Last week, I posted a quote from Matt Bruenig, Don’t Blame Unions for Police Brutality. I didn’t realize that calling for an end of police unions was becoming a thing. Last weekend, Ross Douthat wrote, Our Police Union Problem. I will admit, I’ve never been that keen on police unions, simply because I haven’t been that keen on the police. But I nevertheless support police unions because I support workers and their rights to organize. Of course, Douthat is a complete nitwit when it comes to the issue.
He started his article with the usual litany for why public sector unions are bad. For example, “[T]he government’s money is not its own, so negotiations between politicians and their employees (who are also often their political supporters) amount to a division of spoils rather than a sharing of profits.” His unstated assumption here is that taxation is theft. That’s a position that one can take, but almost no one actually buys it. He also noted that unions drive up the costs of services. But who is to say what the value of the services is? We could use slave labor for our policing. That would certainly drive the price of services down. But would that be just? Why is the compensation derived at through collective bargaining too high, while a divide-and-conquer approach is correct?
Just to show that there are no limits to his nonsense, he finished off, “Finally, union lobbying power can bias public-policy decisions toward the interests of state employees.” But private sector companies lobby the government over public policy decisions with the intent of advantaging themselves. How is this different? Douthat doesn’t say because it is just a given that workers are bad and businesses are good.
Finally, Douthat got to his main point: police unions. He made some kind of weird comparison between police and teacher unions. And then he concluded that police unions are always standing in the way of making positive changes in public policy. For example, police unions have been against the use of body cameras. I take his point, but this is not the problem of police unions. They are not the all powerful entities of conservative imagination. And the main way that they have power is through their alignment with conservative politics where laws are passed to disempower public sector unions with special carve-outs for the police.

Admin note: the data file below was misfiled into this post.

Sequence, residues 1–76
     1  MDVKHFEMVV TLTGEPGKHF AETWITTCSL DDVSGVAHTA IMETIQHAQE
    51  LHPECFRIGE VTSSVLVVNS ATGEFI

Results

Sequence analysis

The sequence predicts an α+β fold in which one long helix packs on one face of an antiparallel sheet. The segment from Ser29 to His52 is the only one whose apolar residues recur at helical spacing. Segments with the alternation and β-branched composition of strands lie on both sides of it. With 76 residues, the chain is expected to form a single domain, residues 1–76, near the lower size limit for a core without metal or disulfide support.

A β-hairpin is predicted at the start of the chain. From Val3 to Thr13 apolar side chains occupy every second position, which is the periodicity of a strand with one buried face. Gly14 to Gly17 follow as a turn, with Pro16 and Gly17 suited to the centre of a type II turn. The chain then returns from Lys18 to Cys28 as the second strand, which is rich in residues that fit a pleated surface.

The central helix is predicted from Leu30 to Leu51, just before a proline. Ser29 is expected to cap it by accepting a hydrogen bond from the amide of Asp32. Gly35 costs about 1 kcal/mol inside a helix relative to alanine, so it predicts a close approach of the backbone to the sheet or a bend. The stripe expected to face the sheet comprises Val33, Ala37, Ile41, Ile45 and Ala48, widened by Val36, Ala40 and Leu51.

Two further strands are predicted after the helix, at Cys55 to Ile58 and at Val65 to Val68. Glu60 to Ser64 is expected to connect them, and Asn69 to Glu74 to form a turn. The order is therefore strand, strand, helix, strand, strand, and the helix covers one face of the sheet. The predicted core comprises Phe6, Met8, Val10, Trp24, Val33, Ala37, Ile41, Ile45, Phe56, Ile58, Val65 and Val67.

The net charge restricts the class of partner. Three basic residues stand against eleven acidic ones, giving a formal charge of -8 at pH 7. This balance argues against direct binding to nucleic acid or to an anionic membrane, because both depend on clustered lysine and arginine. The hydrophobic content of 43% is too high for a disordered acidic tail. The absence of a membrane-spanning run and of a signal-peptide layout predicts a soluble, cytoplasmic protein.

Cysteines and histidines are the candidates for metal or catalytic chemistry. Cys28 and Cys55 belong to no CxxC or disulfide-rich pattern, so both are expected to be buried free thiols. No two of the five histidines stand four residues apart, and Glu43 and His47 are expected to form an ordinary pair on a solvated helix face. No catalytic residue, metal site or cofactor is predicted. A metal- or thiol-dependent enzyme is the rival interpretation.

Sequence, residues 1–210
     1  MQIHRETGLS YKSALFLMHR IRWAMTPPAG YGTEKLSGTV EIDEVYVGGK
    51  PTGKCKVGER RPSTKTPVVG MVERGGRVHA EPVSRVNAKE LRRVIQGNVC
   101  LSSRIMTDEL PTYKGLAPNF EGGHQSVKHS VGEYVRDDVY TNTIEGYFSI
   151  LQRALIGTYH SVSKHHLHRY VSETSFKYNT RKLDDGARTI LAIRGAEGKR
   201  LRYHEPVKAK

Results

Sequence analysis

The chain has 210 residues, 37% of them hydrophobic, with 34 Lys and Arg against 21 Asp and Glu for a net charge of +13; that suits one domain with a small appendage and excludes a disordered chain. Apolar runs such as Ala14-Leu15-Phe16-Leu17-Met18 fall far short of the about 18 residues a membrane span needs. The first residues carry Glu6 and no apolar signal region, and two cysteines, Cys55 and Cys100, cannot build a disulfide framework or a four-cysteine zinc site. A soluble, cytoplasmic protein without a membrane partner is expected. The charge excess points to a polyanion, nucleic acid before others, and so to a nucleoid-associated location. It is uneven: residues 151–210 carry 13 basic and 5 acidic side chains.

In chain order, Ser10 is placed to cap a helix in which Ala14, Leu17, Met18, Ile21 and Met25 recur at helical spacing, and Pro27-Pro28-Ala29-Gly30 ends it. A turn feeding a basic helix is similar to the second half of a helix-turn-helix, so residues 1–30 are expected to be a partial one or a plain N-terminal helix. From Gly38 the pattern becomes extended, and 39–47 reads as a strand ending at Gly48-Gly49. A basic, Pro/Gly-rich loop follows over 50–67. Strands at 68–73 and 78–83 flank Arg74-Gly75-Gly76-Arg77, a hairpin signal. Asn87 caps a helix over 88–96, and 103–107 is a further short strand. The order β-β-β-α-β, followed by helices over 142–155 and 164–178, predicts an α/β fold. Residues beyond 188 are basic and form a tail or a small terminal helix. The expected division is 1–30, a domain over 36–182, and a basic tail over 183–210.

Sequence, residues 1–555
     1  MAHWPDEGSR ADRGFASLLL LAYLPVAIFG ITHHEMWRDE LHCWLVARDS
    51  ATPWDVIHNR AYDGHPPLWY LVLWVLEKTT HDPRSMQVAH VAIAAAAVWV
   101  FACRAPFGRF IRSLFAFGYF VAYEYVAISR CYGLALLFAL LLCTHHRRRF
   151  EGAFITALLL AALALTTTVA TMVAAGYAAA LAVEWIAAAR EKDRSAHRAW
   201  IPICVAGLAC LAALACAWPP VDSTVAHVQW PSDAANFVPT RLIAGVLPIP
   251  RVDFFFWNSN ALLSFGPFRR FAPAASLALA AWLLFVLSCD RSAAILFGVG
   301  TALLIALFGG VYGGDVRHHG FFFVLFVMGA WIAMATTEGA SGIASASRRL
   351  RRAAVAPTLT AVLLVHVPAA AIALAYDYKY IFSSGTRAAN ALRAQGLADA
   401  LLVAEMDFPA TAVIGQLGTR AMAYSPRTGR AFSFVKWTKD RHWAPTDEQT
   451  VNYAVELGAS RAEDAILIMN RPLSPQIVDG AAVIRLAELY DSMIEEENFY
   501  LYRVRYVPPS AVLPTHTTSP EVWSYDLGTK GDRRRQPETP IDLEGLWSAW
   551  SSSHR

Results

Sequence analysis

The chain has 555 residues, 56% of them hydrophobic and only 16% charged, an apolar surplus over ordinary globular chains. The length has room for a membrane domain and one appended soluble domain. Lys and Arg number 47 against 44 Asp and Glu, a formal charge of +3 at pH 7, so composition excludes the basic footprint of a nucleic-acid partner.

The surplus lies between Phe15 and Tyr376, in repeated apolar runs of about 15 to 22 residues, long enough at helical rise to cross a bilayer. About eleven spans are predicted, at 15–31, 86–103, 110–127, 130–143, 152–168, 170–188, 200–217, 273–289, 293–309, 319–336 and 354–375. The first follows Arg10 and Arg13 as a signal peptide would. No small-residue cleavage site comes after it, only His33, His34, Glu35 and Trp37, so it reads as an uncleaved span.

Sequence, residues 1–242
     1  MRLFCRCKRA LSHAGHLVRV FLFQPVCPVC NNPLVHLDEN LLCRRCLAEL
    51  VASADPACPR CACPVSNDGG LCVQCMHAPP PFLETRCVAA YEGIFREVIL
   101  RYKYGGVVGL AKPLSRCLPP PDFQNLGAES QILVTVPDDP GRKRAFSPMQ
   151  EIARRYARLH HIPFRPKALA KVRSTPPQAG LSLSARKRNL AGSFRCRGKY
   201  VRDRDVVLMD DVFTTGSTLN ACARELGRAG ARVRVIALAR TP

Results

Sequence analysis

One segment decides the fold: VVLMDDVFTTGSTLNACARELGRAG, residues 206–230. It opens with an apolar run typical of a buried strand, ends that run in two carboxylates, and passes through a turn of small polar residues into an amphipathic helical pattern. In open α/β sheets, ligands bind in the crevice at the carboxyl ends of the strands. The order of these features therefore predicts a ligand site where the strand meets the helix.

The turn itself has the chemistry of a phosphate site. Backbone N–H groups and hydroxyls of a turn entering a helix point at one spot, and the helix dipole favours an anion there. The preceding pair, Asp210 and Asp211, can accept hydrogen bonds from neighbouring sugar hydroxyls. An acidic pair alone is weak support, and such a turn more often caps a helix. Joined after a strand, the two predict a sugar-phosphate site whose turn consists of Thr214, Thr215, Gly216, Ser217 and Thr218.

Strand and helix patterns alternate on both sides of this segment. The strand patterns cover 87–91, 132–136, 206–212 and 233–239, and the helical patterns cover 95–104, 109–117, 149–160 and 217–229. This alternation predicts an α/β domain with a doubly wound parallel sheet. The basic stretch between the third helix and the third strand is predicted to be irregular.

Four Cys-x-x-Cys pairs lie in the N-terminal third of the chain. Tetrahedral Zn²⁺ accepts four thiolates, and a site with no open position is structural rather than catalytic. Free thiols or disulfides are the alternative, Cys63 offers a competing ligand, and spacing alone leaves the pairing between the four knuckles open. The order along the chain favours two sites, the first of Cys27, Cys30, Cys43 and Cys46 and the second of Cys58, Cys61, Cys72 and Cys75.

The big problem here is that people don’t understand the purpose of unions. They exist to protect their members. They are not NGOs or other groups looking out for the public good. Cesar Chavez was given a lot of heat at one time about the UFW being against immigration. People seemed to think that it was his job to be looking out for the interests all Latinos or something. That wasn’t true. His job was to get the best working conditions for his union’s members. The same is true for teachers. And for the police.
Unions are a counterbalance to the power of those who employ them. No one ever questions but that Walmart should be making money. No one complains that it isn’t out in the world trying to get its customers to eat right and exercise. But unions are expected to do this. Or rather, people like Ross Douthat pretend that this is what unions should do. It’s a way of vilifying unions by pretending that they have a charter to make the world a better place.
I accept that police unions — any unions — can be a problem in making positive changes. But that doesn’t make them bad. And regardless, the problems we see with policing throughout the United States are not due to police unions. If the governments who oversee them want to make changes, they can make the changes. Policing did not become militarized because of police unions. Abusive officers do not flourish in departments because of police unions. The lack of widespread use of body cameras is not because of police unions. The government has great resources to make changes, and people like Ross Douthat want to avoid the real question by blaming police unions. It’s a step up from blaming police brutality on single motherhood. But not much of a step.